Liver Posters

Tuesday July 03, 2018 from 16:30 to 17:30

Room: Hall 10 - Exhibition

P.838 Is hepatic flow a predictor of early allograft dysfunction in whole-graft deceased donor liver transplantation? an observational cohort study.

Pablo Lozano, Spain

Surgeon
Hospital General Universitario Gregorio Marañon

Abstract

Is Hepatic Flow a Predictor of Early Allograft Dysfunction in Whole-Graft Deceased Donor Liver Transplantation? An Observational Cohort Study.

Pablo Lozano1, Maitane Orue Echebarria1, José Manuel Asencio1, Luis Olmedilla1, María Magdalena Salcedo1, Hemant Sharma2, Enrique Velasco1, Colon Arturo1, Bachiller Luis1, Benjamín Díaz-Zorita1, José Angel López Baena1.

1Liver transplant Unit, Hospital General Universitario Gregorio Marañon, Madrid, Spain; 2Organ transplantation Unit , Ochsner Medical Center, New Orleans, LA, United States

Background: Early allograft dysfunction (EAD) is an important cause of morbidity and mortality in patients undergoing liver transplantation. Liver perfusion is an important issue to ensure the synthetic function of the graft. We propose the measurement of intraoperative portal venous and hepatic artery flow as a predictors of EAD.
Aim: To demonstrate that intraoperative liver flow is a predictor of EAD in whole-graft decease donor liver transplantation.
Materials and Methods: We propose an observational study of a single patient cohort (n = 195). It was carried out in the study period between January 2008 and December 2014. The measurement of the intraoperative flows was made with a VeriQ flow meter. EAD was defined according to Olthoff criteria. Unless otherwise stated, data were expressed as mean (SD, standard deviation) or n (%). When data were normally distributed (based on the Kolmogorov-Smirnov test) they were compared using the t-Student test. The qualitative variables and risk measurement was analyzed using the chi-square test. The univariate and multivariate analysis of graft dysfunction was held by a logistic regression test. Predictive analysis was evaluated using ROC curves (Receiver Operating Characteristic).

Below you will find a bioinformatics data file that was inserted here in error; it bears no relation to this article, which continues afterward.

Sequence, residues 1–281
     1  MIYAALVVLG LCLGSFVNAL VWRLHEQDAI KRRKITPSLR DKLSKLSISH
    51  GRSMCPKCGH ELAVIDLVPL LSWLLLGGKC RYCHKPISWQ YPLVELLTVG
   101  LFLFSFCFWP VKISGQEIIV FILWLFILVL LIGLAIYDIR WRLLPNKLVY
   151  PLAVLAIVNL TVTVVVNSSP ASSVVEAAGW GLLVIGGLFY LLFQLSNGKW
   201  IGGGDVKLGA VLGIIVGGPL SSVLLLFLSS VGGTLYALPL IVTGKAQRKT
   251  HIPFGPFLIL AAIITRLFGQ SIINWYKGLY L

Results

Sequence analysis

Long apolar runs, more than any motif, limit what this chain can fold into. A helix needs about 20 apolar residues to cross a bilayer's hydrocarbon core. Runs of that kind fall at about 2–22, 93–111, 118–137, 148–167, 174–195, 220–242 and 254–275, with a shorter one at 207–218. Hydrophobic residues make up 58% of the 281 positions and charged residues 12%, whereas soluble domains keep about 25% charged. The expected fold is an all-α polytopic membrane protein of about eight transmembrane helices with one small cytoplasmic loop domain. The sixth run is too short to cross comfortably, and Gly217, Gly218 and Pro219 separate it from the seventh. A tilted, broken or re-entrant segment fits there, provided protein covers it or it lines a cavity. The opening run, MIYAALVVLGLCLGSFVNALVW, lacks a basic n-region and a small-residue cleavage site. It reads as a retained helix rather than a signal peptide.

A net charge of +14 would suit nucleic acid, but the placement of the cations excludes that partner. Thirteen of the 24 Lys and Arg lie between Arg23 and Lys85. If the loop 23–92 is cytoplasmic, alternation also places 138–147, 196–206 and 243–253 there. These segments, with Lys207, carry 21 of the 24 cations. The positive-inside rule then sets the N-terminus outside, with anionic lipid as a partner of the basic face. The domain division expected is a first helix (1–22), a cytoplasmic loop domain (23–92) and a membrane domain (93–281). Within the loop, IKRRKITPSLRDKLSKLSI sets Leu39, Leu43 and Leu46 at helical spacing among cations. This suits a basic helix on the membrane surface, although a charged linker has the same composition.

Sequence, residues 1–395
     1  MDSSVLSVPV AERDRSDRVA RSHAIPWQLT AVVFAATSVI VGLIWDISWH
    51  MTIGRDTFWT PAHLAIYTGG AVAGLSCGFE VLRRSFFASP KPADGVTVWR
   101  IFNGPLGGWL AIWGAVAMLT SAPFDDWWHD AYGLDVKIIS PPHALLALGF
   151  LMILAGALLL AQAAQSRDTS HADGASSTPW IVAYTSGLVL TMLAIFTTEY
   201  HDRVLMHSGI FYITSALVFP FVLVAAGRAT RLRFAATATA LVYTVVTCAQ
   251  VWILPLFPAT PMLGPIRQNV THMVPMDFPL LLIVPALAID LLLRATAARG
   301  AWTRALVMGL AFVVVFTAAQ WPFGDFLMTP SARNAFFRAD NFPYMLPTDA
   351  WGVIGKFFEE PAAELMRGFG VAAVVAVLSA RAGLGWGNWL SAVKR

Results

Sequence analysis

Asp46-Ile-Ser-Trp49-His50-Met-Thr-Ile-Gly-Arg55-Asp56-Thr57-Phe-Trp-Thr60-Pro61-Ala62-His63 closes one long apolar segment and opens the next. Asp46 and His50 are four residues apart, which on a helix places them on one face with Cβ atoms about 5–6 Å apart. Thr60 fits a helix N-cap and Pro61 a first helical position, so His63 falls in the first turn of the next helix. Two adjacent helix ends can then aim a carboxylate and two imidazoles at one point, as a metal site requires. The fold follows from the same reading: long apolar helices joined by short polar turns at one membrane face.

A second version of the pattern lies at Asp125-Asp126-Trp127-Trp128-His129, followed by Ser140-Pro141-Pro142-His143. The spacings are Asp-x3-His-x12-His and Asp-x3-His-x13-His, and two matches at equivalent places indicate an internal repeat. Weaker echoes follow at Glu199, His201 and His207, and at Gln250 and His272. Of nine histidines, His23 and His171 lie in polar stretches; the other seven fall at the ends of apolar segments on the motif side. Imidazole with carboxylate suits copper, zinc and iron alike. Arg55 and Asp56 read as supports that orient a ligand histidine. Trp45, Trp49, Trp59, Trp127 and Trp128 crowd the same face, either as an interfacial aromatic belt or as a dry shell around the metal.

Results: 71 patients (31%) developed EAD. Mean survival of the group with EAD was 54.2 months (95% CI: 45.04-63.29) and the group non-EAD was 69.17 months (95% CI: 64, 11-74, 22) (p <0.01). Portal flow showed significant differences in the development of EAD (EAD Group: 1,363.84 ± 602.06 ml / min versus Non-EAD Group: 1,606.73 ± 491.51 ml / min, p = 0, 01) The univariate analysis showed that arterial flow, portal flow, cold ischemia time, and the need for intraoperative fibrinogen were associated with EAD (p <0.05). Multivariate analysis portal flow, hepatic artery flow and cold ischemia time showed association with EAD (p <0.01).
Conclusion: Intraoperative test of hepatic hemodynamics could predict EAD early in the intraoperative time. Modulation of abnormalities in portal flow in whole-graft liver donor could be a proposed strategy to avid the development of EAD



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